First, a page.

Screen Australia narrows search for CEO

21 June, 2013 by Don Groves

The quest to find a new CEO to take charge of Screen Australia is in its final stages.

The agency’s board has settled on a preferred candidate after an exhaustive search via head-hunters Braithwaite Steiner Pretty Executive Search, IF understands.


The other 90 or so applicants who were interviewed by the head-hunters have been told they were unsuccessful.

The board’s nominee has to be referred to the Arts Minister Tony Burke, who is expected to seek Cabinet approval before an appointment is made.

The current chief executive Ruth Harley, whose term expires in November, informed staff earlier this month she is no longer a candidate, stating, “The Board believes that the organisation should have a CEO who is new to the agency to lead the next phase."

Subsequently Screen Australia chairman Glen Boreham told staff the process for appointing the CEO was "progressing to schedule" and he expects to make an announcement in the next few months.

There has been a groundswell of support for Dr Harley among sections of the screen industry who feel that the way the process is being handled has been needlessly harsh on her.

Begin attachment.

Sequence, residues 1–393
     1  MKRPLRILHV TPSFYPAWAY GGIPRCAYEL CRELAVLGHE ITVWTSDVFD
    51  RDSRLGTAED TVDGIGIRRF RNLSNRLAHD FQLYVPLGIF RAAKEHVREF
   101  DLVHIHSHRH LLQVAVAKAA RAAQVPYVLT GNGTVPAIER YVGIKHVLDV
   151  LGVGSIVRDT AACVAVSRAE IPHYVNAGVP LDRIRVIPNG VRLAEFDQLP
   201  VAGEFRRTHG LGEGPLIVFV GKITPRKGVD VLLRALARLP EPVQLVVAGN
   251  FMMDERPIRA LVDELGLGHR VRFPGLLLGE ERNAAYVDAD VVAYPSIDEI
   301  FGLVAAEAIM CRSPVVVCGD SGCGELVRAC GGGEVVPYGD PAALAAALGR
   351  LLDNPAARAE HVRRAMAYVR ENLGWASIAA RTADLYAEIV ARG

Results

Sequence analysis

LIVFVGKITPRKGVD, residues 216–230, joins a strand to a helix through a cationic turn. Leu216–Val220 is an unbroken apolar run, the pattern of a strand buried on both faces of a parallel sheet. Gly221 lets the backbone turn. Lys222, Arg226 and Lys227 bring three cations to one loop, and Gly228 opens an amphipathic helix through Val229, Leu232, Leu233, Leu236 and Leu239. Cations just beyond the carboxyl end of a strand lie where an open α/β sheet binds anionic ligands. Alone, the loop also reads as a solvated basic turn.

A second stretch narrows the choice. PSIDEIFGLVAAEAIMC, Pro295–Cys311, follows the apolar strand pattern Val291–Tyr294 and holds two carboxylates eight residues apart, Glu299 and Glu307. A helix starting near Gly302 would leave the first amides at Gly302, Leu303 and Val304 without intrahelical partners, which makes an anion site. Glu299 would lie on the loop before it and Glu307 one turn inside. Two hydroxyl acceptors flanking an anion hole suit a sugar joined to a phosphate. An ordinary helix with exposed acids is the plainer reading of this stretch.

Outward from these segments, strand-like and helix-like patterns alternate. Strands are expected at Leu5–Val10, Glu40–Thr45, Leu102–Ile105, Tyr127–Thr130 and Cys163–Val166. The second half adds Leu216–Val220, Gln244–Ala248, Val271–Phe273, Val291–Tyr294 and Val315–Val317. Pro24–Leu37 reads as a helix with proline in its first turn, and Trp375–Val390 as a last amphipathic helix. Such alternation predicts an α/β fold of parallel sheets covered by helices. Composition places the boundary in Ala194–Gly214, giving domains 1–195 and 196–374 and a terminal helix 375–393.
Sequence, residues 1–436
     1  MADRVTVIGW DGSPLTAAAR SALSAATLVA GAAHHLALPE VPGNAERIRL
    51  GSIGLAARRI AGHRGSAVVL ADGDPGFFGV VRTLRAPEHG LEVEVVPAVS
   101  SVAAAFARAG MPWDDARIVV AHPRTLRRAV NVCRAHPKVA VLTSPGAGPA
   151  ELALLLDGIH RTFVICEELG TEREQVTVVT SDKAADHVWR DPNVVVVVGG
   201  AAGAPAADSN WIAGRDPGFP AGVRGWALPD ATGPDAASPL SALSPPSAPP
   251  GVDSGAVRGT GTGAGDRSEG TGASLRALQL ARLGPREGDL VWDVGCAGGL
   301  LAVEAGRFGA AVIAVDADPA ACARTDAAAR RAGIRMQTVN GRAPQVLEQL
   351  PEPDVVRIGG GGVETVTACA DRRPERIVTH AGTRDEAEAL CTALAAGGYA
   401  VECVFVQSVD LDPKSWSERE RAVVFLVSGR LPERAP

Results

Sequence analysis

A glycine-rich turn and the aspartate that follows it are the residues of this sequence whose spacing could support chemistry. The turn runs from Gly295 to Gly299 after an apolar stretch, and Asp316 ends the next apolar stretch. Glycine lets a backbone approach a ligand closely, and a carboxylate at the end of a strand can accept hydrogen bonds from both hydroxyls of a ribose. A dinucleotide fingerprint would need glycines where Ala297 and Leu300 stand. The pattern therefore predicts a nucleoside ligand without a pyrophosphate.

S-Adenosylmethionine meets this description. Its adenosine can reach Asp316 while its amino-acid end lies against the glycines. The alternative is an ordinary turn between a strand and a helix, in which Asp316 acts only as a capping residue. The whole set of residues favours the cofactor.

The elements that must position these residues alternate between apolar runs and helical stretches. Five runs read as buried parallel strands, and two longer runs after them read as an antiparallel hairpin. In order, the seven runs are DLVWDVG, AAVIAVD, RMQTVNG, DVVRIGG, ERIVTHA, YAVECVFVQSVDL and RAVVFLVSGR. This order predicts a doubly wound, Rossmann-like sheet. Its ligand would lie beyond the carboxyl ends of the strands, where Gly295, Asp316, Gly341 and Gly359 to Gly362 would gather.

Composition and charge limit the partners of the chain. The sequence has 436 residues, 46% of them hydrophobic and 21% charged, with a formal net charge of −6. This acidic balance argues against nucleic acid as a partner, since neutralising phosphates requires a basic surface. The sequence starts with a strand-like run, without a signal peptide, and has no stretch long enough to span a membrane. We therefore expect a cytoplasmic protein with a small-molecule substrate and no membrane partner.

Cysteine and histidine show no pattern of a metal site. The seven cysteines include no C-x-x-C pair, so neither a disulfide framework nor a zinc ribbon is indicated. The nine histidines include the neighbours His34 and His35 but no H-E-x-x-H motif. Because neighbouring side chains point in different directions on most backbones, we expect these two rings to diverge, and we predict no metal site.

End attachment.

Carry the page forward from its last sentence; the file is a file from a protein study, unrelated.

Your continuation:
IF understands the name of the preferred candidate has been circulated to the Government and to the Opposition.

The board is thought to be keen to expedite the appointment despite the turmoil in Canberra in the lead-up to the September election, acknowledging the need to end the uncertainty and to ensure a seamless transition from Dr Harley to her successor.

The board began the search in April on the assumption that the successful candidate may need to give his or her current employer 2-3 months’ notice. The timing of the September election wasn’t a consideration.

Suggestions that, if elected, shadow Arts Minister Senator George Brandis may call for a review of Screen Australia’s remit have been discounted. Brandis was in power when the decision was made to create the agency from the merger of the Film Finance Corp., the Australian Film Commission and Film Australia. It’s believed he has assured industry leaders he sees no need to alter the current federal funding structure.